Dad chose to die on a beautiful day; it was sunny and warm on that day. Dad chose kind of a yucky day for his funeral. I think there’s something to that.

I want to close with a poem by Mary Oliver that expresses in the finest way that I have ever seen what I hope my father may have felt about dying, and what I would hope all of us feel about it, when our time comes.

When Death Comes

When death comes
like the hungry bear in Autumn;
when death comes and takes all the bright coins from his purse

to buy me, and snaps the purse shut;
when death comes
like the measel-pox;

when death comes
like an iceberg between the shoulder blades,

I want to step through the door full of curiosity, wondering:
what is it going to be like, that cottage of darkness?

And therefore I look upon everything
as a brotherhood and a sisterhood,
and I look upon time as no more than an idea,
and I consider eternity as another possibility,

and I think of each life as a flower, as common
as a field daisy, and as singular,

and each body a lion of courage, and something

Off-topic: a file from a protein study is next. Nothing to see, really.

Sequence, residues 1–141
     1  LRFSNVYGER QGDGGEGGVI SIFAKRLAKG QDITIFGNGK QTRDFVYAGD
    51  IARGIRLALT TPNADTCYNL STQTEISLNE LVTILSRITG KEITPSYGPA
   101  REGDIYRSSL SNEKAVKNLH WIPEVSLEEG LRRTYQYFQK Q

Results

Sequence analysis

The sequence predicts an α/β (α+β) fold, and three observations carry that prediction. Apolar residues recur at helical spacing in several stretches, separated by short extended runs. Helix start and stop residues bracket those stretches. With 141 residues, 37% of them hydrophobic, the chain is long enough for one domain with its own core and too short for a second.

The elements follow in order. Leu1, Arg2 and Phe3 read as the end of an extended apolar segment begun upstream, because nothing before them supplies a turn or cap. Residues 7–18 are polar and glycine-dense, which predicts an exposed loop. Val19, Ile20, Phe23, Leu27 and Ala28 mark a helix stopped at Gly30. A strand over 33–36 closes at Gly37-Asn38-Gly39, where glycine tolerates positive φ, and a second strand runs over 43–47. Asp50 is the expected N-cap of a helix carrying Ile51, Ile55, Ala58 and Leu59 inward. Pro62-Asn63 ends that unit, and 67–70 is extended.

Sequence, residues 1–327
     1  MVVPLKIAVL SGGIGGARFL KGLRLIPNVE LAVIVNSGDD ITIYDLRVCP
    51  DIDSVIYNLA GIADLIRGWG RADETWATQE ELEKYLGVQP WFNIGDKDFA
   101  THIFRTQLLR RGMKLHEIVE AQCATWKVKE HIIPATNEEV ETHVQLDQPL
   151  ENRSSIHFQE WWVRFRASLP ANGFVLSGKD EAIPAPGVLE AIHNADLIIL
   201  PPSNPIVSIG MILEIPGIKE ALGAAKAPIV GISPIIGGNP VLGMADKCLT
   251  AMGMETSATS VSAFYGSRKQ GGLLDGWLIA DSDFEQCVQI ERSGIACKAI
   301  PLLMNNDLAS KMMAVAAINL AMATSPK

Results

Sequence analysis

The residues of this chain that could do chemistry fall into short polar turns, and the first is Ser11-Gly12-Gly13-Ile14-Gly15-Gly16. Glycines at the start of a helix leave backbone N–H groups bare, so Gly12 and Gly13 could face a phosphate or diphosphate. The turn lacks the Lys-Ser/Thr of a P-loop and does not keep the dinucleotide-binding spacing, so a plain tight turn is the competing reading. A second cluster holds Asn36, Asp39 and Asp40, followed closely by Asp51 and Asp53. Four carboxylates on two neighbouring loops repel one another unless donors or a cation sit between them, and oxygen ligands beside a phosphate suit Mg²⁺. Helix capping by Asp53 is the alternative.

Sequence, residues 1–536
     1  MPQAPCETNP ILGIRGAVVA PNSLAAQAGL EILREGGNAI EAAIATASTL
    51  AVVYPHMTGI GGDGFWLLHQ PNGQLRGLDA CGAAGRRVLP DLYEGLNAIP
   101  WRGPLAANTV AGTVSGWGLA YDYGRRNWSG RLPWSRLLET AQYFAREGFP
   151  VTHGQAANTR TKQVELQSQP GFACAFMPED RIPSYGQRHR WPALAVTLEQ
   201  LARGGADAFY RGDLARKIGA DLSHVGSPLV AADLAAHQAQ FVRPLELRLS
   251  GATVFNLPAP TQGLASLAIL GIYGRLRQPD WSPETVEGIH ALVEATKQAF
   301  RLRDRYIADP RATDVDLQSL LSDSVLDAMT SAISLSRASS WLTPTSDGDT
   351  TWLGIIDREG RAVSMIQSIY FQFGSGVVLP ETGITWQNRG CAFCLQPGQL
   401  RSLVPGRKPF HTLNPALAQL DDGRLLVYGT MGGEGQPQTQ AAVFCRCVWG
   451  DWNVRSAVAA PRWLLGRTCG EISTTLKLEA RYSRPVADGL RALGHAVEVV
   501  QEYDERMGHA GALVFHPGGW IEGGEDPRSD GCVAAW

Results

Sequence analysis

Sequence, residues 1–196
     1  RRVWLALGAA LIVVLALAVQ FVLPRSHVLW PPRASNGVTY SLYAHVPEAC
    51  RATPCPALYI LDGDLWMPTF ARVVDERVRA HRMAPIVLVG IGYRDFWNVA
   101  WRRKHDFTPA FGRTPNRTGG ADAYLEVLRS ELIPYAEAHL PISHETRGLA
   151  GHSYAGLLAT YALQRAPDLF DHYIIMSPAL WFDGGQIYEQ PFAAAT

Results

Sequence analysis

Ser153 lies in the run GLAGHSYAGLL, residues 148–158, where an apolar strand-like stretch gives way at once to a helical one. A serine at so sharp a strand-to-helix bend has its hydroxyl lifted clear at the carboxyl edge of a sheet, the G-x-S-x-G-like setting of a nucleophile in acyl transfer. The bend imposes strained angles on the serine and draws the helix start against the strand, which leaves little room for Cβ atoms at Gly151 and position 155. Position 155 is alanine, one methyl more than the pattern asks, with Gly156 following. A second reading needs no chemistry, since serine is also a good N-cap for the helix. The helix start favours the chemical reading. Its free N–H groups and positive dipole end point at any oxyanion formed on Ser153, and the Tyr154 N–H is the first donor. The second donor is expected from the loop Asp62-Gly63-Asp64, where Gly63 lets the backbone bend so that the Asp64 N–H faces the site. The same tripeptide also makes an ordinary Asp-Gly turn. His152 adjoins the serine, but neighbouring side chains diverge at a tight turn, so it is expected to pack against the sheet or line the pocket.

precious to the earth.

When it’s over, I want to say: all my life
I was a bride married to amazement.
I was the bridegroom, taking the world into my arms.

When it’s over, I don’t want to wonder
if I have made of my life something particular, and real.

I don’t want to find myself sighing and frightened,
or full of argument.

I don’t want to end up simply having visited this world.

–Mary Oliver

Louis Glen Jarmer was no mere visitor to this world. He really lived here. His legacy is lasting and positive. He changed the world in his way. We are forever grateful for the gift of his life.

 

 

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In Memoriam: Mama Shirley

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A Eulogy for Shirley Elaine Jarmer, Delivered Saturday, June 10, 2017 at St. John the Baptist’s Catholic Church:

Friends, Jarmers, and Kidds. On behalf of our family, I thank you all for being here today. But we need to stop meeting like this.

Once again, I have the great honor and responsibility of sharing with you remembrances of a dearly beloved parent, family member, and friend on her passing. What I tried to do seven years ago for my Daddy I will try now to do for Mama, Shirley Elaine Jarmer.